Highlights from the 2015 Geneva Motor Show


Ducati shows its 2007 Desmosedici

May 10, 2006 One of the biggest problems facing motorsport is the engenuity of the engineers and the march of technology forever increasing speed and power, improving handling and aerodynamics and reducing laptimes. Formula One car racing reduced the capacity from 3.0 litres to 2.4 litres this year and already the lap times are trending back to last year’s. Next year the premier motorcycle racing MotoGP class will have the current 1000cc capacity limit reduced to 800cc and no doubt we’ll see a similar situation. Last week Ducati became the first of the teams to show its new 800cc powered prototype Desmosedici GP7 machine and already the signs are there that the lap time gap won’t be very large for very long. With a capacity of 800cc (81mm bore x 38.8mm stroke), Australian Motorcycle News is reporting that the new bike is already producing 169kW (226 bhp) compared to the current machine’s 190kW (255 bhp), a power drop of just 11 percent compared to a capacity drop of 20 percent. This has been achieved because the motor now spins to 18,200 rpm compared to the old 86mm x 42.6mm layout which redlined at 16,550 rpm. Whatsmore, the smaller motor will enable a much smaller bike with room to move the engine within the chassis to get the best balance for each circuit/rider – a smaller, more nimble and adaptable bike is expected to further reduce lap times so it’s not out of the question that by the time the 2007 season starts, times won’t have increased much.  Read More

Night MotoGP racing on the agenda

April 25, 2006 As television plays an ever greater role in the globalization and monetization of sport, sport is evolving. Once upon a time a time difference meant just delaying the telecast on the TV, but as the internet has hastened deadlines and live sport means “when it’s actually” happening, time-shifting events is now being considered. One such innovation on the horizon is night racing, a regular and ever more frequent autoracing fixture in recent years but until now not tried in the pinnacle sports of either car or motorcycle racing. Earlier this month the three permanent riders on the MotoGP Security Commission (Valentino Rossi, Kenny Roberts Junior and Loris Capirossi) tried out the Losail circuit in Qatar during full darkness to evaluate the feasibility of holding races at night. MotoGP points leader tried the circuit on a Ducati 999R, the headlamps of which proved to be indispensable for those parts of the track without the benefit of artificial lighting. Similarly, Rossi rode a Yamaha sports bike and Roberts rode a Honda CBR1000RR sports bike in their respective determinations.  Read More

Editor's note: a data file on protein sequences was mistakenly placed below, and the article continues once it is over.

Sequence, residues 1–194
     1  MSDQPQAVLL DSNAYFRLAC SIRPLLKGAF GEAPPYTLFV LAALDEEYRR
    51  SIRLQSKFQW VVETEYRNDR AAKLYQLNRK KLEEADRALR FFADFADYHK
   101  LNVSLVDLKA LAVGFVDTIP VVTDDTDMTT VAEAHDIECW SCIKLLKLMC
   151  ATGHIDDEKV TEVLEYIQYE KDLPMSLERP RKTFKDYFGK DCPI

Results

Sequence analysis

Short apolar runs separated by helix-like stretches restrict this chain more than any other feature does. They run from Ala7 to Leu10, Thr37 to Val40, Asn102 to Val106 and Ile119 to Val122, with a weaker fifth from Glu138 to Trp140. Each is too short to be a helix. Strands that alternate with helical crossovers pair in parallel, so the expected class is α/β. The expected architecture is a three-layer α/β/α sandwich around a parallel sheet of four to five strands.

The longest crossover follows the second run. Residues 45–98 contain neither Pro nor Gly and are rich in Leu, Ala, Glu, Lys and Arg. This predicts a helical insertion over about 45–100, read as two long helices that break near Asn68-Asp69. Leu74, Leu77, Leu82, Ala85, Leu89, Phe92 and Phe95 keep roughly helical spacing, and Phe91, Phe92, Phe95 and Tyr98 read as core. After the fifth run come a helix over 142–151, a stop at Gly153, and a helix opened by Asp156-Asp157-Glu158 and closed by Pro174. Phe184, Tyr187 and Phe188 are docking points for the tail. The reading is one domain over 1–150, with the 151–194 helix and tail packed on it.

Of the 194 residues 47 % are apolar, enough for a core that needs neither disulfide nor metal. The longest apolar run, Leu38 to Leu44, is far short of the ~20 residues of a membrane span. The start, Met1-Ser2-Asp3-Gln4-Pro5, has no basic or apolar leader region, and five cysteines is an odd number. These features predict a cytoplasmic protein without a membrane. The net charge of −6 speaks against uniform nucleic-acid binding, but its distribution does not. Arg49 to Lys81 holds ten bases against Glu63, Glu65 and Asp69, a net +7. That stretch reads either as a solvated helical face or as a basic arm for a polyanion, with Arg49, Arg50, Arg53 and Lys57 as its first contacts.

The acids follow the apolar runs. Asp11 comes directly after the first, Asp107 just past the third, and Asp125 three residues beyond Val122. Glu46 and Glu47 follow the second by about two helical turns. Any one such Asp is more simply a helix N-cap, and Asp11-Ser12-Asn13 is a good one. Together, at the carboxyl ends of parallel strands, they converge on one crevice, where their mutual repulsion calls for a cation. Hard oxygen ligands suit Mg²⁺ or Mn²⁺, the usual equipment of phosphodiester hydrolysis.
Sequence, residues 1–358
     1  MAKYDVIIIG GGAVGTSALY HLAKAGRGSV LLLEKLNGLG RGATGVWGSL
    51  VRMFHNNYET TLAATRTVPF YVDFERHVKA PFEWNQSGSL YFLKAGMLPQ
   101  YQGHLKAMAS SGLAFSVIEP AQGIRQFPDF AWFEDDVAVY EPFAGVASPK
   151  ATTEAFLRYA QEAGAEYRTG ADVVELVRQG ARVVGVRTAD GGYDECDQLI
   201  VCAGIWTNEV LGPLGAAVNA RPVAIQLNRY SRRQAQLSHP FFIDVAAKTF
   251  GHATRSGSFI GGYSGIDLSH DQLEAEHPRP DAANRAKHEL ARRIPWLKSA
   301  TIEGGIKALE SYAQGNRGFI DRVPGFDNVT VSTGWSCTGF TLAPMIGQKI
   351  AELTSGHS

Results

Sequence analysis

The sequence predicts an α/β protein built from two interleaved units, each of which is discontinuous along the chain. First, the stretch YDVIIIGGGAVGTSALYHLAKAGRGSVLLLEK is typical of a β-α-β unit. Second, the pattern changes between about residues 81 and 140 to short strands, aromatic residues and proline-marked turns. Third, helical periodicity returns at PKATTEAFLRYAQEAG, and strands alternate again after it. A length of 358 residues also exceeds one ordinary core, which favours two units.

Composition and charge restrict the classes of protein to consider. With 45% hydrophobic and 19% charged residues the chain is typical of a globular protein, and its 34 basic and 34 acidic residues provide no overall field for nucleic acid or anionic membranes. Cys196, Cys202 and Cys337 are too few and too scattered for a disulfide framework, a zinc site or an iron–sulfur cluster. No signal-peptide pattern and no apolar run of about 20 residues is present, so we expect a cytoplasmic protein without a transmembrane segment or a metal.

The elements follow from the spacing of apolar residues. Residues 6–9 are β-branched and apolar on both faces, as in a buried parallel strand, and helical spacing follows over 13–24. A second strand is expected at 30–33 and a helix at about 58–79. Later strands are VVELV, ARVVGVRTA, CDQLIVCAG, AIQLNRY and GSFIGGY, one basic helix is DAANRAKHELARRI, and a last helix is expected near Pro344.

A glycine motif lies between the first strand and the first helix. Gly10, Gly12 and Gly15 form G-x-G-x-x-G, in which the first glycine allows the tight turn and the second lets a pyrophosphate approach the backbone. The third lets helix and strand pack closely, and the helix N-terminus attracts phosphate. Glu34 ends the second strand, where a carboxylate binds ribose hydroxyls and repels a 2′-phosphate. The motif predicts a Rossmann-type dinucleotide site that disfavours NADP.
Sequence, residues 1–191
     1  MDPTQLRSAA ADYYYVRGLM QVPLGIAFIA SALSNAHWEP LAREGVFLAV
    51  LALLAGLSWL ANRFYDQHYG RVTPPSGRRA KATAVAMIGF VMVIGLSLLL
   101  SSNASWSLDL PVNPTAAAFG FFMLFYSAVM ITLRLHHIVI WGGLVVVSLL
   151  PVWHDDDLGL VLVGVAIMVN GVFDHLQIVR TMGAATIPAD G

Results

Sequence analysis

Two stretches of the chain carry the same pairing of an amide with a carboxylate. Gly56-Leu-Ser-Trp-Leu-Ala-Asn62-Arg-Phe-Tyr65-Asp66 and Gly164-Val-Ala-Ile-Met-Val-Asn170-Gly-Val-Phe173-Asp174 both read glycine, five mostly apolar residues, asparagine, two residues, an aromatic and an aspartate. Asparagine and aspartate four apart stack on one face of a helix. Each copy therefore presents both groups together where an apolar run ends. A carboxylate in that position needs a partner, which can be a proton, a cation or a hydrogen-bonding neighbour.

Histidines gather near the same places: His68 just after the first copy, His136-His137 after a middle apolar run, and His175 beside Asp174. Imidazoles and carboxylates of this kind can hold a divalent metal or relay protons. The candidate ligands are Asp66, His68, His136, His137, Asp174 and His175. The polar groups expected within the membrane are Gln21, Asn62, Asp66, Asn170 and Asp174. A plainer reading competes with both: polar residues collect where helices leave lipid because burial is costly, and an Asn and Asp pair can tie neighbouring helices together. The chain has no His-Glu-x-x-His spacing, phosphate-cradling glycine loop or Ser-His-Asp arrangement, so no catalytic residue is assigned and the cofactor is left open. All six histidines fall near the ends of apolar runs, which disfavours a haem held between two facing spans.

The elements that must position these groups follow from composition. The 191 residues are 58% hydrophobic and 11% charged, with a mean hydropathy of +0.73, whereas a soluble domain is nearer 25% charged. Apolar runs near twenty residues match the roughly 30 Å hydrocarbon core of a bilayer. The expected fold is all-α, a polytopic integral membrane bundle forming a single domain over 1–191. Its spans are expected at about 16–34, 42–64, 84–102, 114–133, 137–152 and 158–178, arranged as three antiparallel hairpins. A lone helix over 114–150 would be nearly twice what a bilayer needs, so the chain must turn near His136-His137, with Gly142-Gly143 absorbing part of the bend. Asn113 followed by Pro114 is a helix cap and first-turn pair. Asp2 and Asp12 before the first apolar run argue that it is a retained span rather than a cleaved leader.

The Limited Edition MV Agusta Nero F4 1000

April 18, 2006 Limited edition everything is coming into vogue. As manufacturing becomes more intelligent and able to respond to an ever more discerning and directly available public, eventually we’ll see products made for very small markets that in many cases are a market of one. The MV Agusta F4 1000 Nero is just such a product – a limited edition of 21 all black F4 1000 motorcycles. The MV Agusta name is one of motorcycle legend. Started in 1945 in the village of Verghera by Count Domenico Agusta – a member of a powerful industrial family whose name is still worn today on some of the world’s most advanced helicopters. The Italian Meccanica Verghera (MV) Agusta company released its first 98cc model in 1945 and took to the race track to promote it. Within a decade the company developed multi-cylinder roadsters and fire engine red racers that came to own the world 500 and 350 titles for a decade before two-stroke machinery rendered four-stroke racers obsolete. Today, the marque no longer races in the MotoGP class but does produce a range of exquisite 1000cc sports motorcycles. The Nero Limited Edition is the brainchild of Australian MV Agusta distributor and former motorcycle champion Paul Feeney and will sell as a ready-made investment at AUD$32,990 (approx US$24,500)  Read More

Rd 2 MotoGP: Rossi fights back